How do you want your children to touch the transcendent? One way or another, with or without your guidance, many will seek it themselves.
Some try by using alcohol and other drugs, which can be both an escape from pain while having fun and connecting with friends. That altered state of consciousness in the company of peers can be seen as a ritual entry into another world.
Others seek out high-risk activities like taking physical or sexual risks, doing railway graffiti or stealing and robbing. Others again turn on themselves via self-harm and suicidal behaviour. All these behaviours have an element of pursuing an altered state of consciousness. Music that moves us can do the same.
As adults we know that the quest for meaning can entail struggle, darkness, confusion, disillusionment, suffering; there can be a loss of innocence from inside (why do I keep stuffing up?) or outside (illness, injury, betrayal, loss, bereavement, failure).
That struggle, perhaps seen in comments reflecting worthlessness, hopelessness, or futility, or in pervasive negativity and anger, can be depressing.
Here’s a challenging question: could some of the depression that teenagers experience be an understandable reaction to the struggle for meaning in their lives?
Could this kind of depression also be an invitation to go deeper, find meaning, open a new or different door?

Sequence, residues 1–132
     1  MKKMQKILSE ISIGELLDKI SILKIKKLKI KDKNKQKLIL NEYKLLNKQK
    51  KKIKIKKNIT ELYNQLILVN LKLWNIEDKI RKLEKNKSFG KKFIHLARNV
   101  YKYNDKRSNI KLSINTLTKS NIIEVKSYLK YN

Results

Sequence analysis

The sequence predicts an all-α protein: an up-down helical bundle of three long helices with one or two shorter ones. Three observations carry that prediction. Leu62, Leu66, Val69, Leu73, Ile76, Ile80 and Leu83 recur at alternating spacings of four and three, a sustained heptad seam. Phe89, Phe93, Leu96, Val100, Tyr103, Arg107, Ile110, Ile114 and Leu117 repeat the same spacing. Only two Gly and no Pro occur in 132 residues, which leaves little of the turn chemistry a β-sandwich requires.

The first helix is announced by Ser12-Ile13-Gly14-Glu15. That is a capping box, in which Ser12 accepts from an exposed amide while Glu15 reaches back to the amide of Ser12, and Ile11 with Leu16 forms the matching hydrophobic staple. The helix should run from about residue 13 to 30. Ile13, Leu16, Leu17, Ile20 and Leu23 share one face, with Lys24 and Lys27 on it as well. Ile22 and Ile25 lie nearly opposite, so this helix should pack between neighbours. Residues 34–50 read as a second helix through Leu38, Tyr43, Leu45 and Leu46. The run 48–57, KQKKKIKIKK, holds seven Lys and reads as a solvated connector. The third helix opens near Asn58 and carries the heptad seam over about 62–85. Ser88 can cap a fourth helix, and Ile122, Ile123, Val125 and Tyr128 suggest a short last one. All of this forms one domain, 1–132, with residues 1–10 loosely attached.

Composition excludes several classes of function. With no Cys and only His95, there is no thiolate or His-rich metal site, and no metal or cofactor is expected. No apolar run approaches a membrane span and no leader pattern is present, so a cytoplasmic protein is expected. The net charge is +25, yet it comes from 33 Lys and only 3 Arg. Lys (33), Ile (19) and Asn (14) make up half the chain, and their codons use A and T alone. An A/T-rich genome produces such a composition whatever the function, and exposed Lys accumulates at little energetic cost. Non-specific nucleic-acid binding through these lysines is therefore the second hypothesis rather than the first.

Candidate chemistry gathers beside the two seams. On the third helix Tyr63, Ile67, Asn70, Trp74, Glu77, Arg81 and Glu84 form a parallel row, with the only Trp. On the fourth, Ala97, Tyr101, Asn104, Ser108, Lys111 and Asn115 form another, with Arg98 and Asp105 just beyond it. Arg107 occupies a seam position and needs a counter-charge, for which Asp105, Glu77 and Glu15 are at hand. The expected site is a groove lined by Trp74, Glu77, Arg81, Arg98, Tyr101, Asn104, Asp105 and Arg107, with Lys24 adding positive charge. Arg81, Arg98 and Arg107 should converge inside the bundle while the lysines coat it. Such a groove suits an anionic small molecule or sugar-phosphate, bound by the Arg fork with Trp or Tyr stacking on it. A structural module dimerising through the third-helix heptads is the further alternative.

When this ‘developmental depression’ (i.e. as the flipside of finding meaning) is well responded to, research has found that future resilience is strengthened and the chances of repeated episodes are substantially reduced.
Research also tells us that teenagers who have a transcendent relationship have a greatly reduced risk of substance abuse, aggression and high-risk behaviours both physical and sexual.
Cautionary note: it would be wrong to say that all depression is basically about identity confusion or spiritual dryness. Not all depression is of this kind.
Reference – The Spiritual Child: The new science on parenting for health and lifelong thriving, by Lisa Miller
Upcoming opportunity: Engaging Adolescents Parent Course
Three 2-hour sessions at St Mark’s Catholic College, Stanhope Gardens, starting Thursday 11 August at 6 pm, run by a psychologist from Catholic Education. Phone St Mark’s 9852 0500.
Some common ground shared by parents & reasonable expectations to hold about adolescents
New understandings of adolescence
A three-option model & flow chart for decision-making
Self check-in, first - for parents.
Building relationship with your teenager and making the best of your non-crisis conversations with them
Skills for tough conversations for handling those problems you just can’t ignore
Upcoming opportunity: Ideas for parenting teens
A 3-hour session at Interrelate, Rouse Hill, Monday 29 August at 6 pm, on how to effectively communicate and set boundaries with your teenager. http://www.interrelate.org.au/locations/rousehill/
Martin GrahamSchool Counsellor